Seven League Boots
End of March was high time for Exodus to leave Antigua. The Easter holiday was drawing closer, the time of our rendezvous in Santo Domingo, the capital of Dominican Republic. Due to our gear box overhaul we had spent far more time in Antigua than anticipated. The initial plan, to visit St Kitts and Nevis and some of the BVIs (British Virgin Islands consisting of Tortola, Jost Van Dyke, Virgin Gorda, Anegada, and 50 other smaller islands and cays), had been relinquished a while before. Puerto Rico, which has been devastated by last year’s hurricanes, is destitute, and Arthur required a visa to visit. Reasons enough to scrap it off our travel itinerary.
Ahead of us was a trip of 458 sea miles. Exodus hopped into her seven league boots and went off on the most direct route for what we thought would be a quick sail. We waved at Nevis from a distance and set course with all the sail out we could find.
The wind was very mild the first days. What should have been 3,5 days, turned into 5 days as we were becalmed along the way. We sailed all along Puerto Rico and hopped on to the DR.
Only at day 4 at about 15h the wind picked up and some decent sailing was done.
La Republica Dominicana is not to be confused with Dominica, the nature island we visited in January. For once, the country’s name has nothing to do with being discovered on a Sunday. The country was discovered by Christopher Columbus in 1492 but actually got baptized in honour of Santo Domingo de Guzmán, the founding father of the Order of the Dominicans. If you are drawing a blank, they are also known as the Jacobins or black friars.
Dominican Republic lies on the island of Hispaniola, a huge landmass it shares unequally with Haiti. Hispanolia is the result of fault action, is prone to earthquakes and tsunamis.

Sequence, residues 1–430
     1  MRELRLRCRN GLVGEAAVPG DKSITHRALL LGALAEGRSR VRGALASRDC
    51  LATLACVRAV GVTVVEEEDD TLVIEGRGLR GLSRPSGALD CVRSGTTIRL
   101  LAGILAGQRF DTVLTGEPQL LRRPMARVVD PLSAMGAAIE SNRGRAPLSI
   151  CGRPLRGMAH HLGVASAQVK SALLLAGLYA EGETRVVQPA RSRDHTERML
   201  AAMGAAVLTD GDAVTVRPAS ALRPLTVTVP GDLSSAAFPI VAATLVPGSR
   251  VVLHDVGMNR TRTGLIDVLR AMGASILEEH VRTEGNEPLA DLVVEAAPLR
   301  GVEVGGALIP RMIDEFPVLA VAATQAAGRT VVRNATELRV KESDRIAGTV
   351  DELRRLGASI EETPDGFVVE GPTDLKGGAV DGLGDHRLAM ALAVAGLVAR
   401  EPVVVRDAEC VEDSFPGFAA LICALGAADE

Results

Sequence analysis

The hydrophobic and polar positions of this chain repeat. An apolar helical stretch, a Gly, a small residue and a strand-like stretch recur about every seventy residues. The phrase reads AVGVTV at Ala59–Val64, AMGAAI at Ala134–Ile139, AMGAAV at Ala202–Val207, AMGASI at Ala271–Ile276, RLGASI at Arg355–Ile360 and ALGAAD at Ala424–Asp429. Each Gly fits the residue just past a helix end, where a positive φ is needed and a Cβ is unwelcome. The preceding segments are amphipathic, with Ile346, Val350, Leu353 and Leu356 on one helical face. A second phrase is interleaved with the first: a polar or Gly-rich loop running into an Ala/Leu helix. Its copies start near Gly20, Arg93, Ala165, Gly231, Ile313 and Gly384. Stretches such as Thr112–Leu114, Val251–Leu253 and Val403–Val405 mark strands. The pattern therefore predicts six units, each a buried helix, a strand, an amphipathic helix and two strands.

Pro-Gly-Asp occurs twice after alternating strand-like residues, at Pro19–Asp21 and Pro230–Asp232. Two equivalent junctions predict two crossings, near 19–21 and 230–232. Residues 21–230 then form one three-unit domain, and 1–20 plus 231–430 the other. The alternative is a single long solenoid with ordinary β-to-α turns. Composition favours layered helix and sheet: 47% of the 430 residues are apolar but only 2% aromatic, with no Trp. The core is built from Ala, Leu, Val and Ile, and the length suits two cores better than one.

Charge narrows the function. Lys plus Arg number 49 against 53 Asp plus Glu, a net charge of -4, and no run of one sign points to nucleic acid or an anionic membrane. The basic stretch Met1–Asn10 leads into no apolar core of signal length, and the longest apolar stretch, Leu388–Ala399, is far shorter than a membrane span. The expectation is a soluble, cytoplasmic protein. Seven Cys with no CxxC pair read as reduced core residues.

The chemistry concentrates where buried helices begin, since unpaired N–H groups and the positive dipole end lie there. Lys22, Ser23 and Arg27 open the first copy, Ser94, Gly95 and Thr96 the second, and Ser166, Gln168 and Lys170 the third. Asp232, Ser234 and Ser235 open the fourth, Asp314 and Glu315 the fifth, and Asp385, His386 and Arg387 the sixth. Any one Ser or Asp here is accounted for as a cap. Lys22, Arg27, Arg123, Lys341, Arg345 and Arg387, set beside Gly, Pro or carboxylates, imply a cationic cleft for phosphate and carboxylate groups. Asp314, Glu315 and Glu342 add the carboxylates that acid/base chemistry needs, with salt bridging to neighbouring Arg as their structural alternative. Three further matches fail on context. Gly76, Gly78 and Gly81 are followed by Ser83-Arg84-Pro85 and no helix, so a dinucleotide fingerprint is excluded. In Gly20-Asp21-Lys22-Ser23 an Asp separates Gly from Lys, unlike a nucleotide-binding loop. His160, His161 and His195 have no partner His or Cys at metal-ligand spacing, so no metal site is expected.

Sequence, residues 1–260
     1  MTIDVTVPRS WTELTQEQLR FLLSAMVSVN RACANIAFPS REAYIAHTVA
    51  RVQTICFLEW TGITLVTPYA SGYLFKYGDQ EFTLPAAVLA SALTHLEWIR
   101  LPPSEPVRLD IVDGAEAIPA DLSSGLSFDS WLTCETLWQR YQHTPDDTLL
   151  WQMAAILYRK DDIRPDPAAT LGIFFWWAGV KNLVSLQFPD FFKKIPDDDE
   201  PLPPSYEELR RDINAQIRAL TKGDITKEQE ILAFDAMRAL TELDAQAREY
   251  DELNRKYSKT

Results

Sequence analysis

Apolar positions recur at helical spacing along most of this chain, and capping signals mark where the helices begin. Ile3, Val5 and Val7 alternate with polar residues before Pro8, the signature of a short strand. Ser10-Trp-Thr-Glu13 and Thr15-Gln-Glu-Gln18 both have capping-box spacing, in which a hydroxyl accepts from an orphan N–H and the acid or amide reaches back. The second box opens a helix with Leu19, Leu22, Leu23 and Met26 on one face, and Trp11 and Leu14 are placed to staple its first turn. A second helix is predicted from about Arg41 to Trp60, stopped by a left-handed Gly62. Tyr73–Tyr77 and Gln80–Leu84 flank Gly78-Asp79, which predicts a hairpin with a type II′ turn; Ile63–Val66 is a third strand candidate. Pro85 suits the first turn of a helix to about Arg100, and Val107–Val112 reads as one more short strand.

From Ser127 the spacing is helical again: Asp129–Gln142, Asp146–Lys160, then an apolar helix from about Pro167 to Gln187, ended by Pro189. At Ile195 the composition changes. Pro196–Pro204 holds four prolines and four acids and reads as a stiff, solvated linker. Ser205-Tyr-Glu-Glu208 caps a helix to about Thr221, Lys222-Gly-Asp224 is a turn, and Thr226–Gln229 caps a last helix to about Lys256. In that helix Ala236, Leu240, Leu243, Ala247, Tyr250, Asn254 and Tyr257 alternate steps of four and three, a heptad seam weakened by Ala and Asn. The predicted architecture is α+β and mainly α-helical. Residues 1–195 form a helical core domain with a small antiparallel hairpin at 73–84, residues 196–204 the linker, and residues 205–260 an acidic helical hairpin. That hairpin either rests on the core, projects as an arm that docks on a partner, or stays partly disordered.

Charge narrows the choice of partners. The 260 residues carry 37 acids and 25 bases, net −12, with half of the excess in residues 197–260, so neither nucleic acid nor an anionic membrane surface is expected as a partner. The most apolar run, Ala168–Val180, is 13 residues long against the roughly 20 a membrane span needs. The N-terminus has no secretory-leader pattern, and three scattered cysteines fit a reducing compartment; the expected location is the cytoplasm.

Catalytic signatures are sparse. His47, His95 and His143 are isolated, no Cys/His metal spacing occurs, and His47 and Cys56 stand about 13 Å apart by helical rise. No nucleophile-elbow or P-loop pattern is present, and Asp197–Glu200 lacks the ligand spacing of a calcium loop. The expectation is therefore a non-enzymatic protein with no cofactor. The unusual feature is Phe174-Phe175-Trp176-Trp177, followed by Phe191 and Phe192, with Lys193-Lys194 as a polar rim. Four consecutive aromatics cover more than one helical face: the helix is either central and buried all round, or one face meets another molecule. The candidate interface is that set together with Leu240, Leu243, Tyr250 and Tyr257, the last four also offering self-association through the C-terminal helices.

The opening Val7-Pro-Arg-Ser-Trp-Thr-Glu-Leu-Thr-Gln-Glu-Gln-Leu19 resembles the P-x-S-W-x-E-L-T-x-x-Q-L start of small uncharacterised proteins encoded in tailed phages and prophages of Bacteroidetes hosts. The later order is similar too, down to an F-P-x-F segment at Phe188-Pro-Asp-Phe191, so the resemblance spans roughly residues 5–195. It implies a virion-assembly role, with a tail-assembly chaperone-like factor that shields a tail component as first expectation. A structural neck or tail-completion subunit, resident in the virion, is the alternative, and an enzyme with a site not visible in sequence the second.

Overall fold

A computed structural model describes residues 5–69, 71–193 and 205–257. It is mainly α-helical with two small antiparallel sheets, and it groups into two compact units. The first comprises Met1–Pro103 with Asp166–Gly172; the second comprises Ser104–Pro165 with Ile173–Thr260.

On the internet DR is described in superlatives:
- the second biggest Caribbean country, after Cuba.
- the third most populated country in the Caribbean. It has almost 10 million inhabitants, of which 3 million live in the Santo Domingo metropole.
- the largest economy (construction, manufacturing, tourism, and mining) in the Caribbean and Central American region, the ninth-largest economy in Latin America and one of the fastest-growing economies in the Americas.
- second largest gold mine in the world, the Pueblo Viejo mine
- the most visited destination in the Caribbean, whether it is sun, sea, pool, tropical islands, partying or golf you are after.
- Host to the Caribbean’s tallest mountain peak (Pico Duarte) as well as the lowest point (Lake Enriquillo) which doubles as the largest lake of the Caribbean.
- the first permanent European settlement in the Americas is in Santo Domingo, making it the oldest continuously inhabited city, and the first seat of the Spanish colonial rule in the New World. The first cathedral, castle, monastery, and fortress built in the Americas stand testimony to this fact, in a prime World Heritage Site in Santo Domingo’s colonial zone.
- Inventor and home of merengue and bachata.
Home away from home
Exodus sailed all the way along the south western coast from Punta Cana to Bocas Chicas marina, close to Santo Domingo airport. As we were sailing, visibility of the land mass was not great. As a matter of fact, clouds of smog drifted out and the smell of burning plastic and fumes from cars and industry stuck in our nostrils. The landscape looked unattractively flat. As we entered the bay, plastic trash drifted out towards us, a ramshackle derelict playpark stared at us, local darkies ambling on the sidewalk. We wondered if we landed in Africa. It sure looked, felt and smelled like it…